Sitting through this tense tactile turbulent take on communal biases and polarised loyalties based on religion rather than humanity, not once did I hear the ‘H’ and ‘M’ words. The two communities are referred to as 'our people' and 'your people'.
A rather curious concession to coyness in a drama that doesn’t shy away from calling a spade a spade. And a terrorist a terrorist.
Kuruthi is not an easy film to watch. Unlike, say Anubhav Sinha’s commendable Mulk which made it easy for us to identify the Good Muslim and the Bad Muslim in a very Good Cop-Bad Cop kind of ‘thriller’ mode, Kuruthi has no easily soluble pills to offer. A cop (Murali Gopi, excellent) drags along a handcuffed prisoner who killed a man for desecrating a temple, his temple, where his father was the head priest.
The communal divide in India is massively complicated. And director Manu Warrier, stepping into this extremely volatile territory of extremism after some relatively negligible work earlier on, plunges headlong into the simmering communal cauldron. He looks at the communal divide for what it is: a mess aggravated by politicians.
At times, the plot brings in too many characters and ideas into play simultaneously crowding the plot’s eco-system unnecessarily. But the theme’s thundering power to rip open the lulling simplified communal structures that are so daintily built into our so-called politically conscious cinema, effectually demolishes all the scared crowds of “safe” filmmaking bringing out the ugly underbelly of the communal strife in the open, until the characters all stand naked in their polarised loyalties.
Specially shocking is the outburst by Srindaa (played by Sumathi) the seemingly gentle Hindu neighbour of the film’s liberal Muslim hero Ibrahim “Ibru” (Roshan Mathew who is so good he doesn’t let us feel his brilliance). She wants to marry Ibru and doesn’t mind converting. When Srindaa took off on her “our people… your people” tirade, I knew all was lost. We may look towards the Liberal Hindu and the Liberal Muslim for communal amity. But how liberal is the so-called liberal?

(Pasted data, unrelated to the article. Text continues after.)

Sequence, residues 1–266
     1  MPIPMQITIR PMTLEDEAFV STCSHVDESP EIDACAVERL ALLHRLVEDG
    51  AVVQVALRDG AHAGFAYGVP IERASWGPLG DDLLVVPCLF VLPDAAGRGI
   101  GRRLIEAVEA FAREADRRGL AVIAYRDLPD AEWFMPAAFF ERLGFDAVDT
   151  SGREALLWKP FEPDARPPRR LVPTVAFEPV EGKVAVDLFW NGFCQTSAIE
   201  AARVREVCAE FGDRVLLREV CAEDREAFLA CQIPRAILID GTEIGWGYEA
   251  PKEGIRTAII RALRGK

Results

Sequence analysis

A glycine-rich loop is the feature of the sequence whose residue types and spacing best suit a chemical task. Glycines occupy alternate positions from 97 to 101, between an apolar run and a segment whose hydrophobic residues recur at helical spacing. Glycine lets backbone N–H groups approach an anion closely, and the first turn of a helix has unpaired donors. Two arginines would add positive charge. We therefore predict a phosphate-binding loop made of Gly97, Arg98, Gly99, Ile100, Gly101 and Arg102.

Kuruthi blows the lid open. The fumes that emerge are toxic and lethal. A major part of the tense tactile drama unravels in one tiny middle class home where a patriarch Moosa (the brilliant Mamukkoya) thinks Shah Rukh Khan was a liberal ruler from Mughal dynasty. I didn’t find Moosa’s ignorance to be funny. Maybe it isn’t meant to be. The characters keep barging into Moosa’s home, each communicating his and in one instance, her ideas with a virulent contempt for ideological soundness.
The film occasionally looks stagy, perhaps deliberately so. At one point, a man rushes into the venue of the action as if he was waiting for his cue from behind the camera. I still don’t know who he was. The visitor who is given the most rousing welcome is Prithvi Raj who plays the extremist with a ceaseless smirk, as if Laiq (that’s the character’s name) knows something we don’t.
Ironically, Prithvi Raj’s Laiq is the most uni-dimensional character in Kuruthi. A red-hot personification of extremist evil with no room for reform. All the other characters undergo severe ideological changes before the night is over.
Kuruthi is a very tough film to slot. It is a helpless, hopeless, piercing cry for peace in a world that has no patience or appetite for rational thought any longer. It is a film filled and fuelled by pain. It pleads and bleeds for tolerance and acceptance between the two communities(hamare log aur unke log). But I know it’s a losing battle.
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